Picking your postgrad university is a major decision and not one you should ever take lightly. Chances are you are going to be spending a lot of money and time on your chosen institution, so making sure you pick the correct place for you is paramount. It's not just about picking the highest ranked university, the one with the best choice of courses, or the one which fits you geographically. Ideally, you want one that matches all of the above.
As with most countries that offer further education, centres of learning in the US are subject to rankings based on various aspects of their operation. These range from student satisfaction through to teaching standards and the combination of each of the scores should give you an idea if the university you're looking at is right for you. Obviously, as with all statistical reporting, the individual might have a different view of things, but rankings do offer a good overview in terms of judging quality. You shouldn't make hard and fast decisions based solely on ranking figures, but you can use them as a pretty good guideline as to what each institution has to offer you. University ranking figures are usually compiled by independent sources and are based on student input so they can be relied upon to provide an accurate picture.
Two of the most important factors to look at with regards to rankings figures are student satisfaction and graduate employment scores. While the whole package is important to look at, these two give you a good idea of whether you will enjoy the course and whether the course will benefit you in the long run. It's still very important to make sure the quality of teaching is good and the location of the university is right for you, but these two statistics should be top of your list.
There are dozens of places that offer university rankings but probably the most valuable resources are the Times Higher Education World Rankings and the QS World University Rankings. As British and American rankings, they tend to favour their home universities each year, but both give a really in-depth rundown of the strengths and weaknesses of US Universities. The QS rankings will give you an idea of what's important to US Post-grad students, while the Times rankings will give you an excellent idea of what to expect as a foreign student.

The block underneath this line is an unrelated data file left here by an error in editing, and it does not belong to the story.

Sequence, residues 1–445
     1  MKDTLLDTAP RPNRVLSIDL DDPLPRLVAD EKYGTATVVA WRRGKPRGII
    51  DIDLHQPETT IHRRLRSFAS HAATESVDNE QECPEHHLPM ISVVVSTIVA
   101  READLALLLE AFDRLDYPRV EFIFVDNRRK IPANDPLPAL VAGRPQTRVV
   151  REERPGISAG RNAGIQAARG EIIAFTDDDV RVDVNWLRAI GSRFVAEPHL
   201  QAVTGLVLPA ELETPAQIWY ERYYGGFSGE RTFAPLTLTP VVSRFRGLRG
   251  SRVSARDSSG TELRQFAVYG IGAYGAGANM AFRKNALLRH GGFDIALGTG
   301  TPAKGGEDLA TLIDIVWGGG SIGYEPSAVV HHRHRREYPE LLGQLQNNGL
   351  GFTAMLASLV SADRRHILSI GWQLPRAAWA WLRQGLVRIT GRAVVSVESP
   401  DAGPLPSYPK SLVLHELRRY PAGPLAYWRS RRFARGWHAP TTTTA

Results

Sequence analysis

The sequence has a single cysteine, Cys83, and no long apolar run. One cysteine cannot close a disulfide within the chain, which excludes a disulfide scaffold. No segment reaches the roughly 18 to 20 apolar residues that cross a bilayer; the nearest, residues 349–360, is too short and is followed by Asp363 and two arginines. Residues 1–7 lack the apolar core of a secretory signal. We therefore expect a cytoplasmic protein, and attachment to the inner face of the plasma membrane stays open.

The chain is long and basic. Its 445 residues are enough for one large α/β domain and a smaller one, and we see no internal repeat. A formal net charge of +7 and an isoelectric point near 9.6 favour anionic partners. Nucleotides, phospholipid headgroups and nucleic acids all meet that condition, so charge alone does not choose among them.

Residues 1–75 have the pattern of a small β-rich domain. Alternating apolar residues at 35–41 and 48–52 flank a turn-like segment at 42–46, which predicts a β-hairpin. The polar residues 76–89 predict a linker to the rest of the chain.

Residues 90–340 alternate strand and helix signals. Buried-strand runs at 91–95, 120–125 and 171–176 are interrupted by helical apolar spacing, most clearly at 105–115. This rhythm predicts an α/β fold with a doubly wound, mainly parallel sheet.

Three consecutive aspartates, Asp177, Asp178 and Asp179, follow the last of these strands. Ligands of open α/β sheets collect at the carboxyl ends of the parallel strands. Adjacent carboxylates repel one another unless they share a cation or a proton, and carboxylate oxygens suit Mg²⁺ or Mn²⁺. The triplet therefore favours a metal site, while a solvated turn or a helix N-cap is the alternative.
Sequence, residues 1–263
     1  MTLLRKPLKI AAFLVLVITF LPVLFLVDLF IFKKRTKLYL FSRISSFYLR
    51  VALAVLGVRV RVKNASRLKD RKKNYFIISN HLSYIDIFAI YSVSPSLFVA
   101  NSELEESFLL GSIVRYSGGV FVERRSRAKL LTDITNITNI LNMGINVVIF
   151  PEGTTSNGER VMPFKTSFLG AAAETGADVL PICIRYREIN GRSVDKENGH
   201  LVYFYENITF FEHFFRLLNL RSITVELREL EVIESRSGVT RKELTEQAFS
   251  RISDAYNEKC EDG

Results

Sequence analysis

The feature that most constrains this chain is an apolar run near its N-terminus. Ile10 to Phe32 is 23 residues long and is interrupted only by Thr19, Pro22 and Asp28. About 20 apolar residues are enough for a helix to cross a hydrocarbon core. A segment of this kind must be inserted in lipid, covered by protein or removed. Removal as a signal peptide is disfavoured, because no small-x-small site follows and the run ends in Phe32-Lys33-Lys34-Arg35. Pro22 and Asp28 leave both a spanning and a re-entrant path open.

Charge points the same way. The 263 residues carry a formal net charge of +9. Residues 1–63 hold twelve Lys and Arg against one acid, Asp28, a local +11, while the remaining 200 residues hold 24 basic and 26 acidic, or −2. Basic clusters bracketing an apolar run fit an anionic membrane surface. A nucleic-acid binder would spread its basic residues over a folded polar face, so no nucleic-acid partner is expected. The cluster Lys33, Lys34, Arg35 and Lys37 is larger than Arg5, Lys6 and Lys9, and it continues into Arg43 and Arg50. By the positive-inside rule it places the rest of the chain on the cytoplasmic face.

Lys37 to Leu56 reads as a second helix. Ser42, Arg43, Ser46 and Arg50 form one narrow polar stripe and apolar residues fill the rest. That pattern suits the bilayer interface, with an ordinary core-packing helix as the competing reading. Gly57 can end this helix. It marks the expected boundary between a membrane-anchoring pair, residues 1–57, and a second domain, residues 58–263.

As mentioned above, rankings should only guide your decision, not form it completely. You should be looking at the universities website and course specific sites to see what the programs they offer entail, and whether they match your specialisations. You can consult the rankings during your search, but you should always be drawing your conclusions from the whole picture. One good way to use rankings is to pick out two or three establishments that you are interested in, based on rankings, then research them in depth afterwards. That way you know you're looking into known quantities. If you start out deciding to research establishments that score highly in the ranking, you won't be disappointed when you find out your chosen institution scores poorly in a category that matters a lot to you.
Whether you're just starting out on your search or you're close to making up your mind, US ranking figures can give you a real insight into the various choices you have in front of you. If you haven't begun looking yet, then focusing in on universities that score highly in things like student satisfaction or graduate employability could be a good place to begin. If you're interested in a particular establishment but aren't sure whether it's right for you, then consulting the rankings might confirm any suspicions you have or waylay them completely. Whatever you do, you need to be taking the whole picture into account. University rankings are a great start point and a great way of firming up a decision, but make sure you're doing the extra research and finding something that's just right.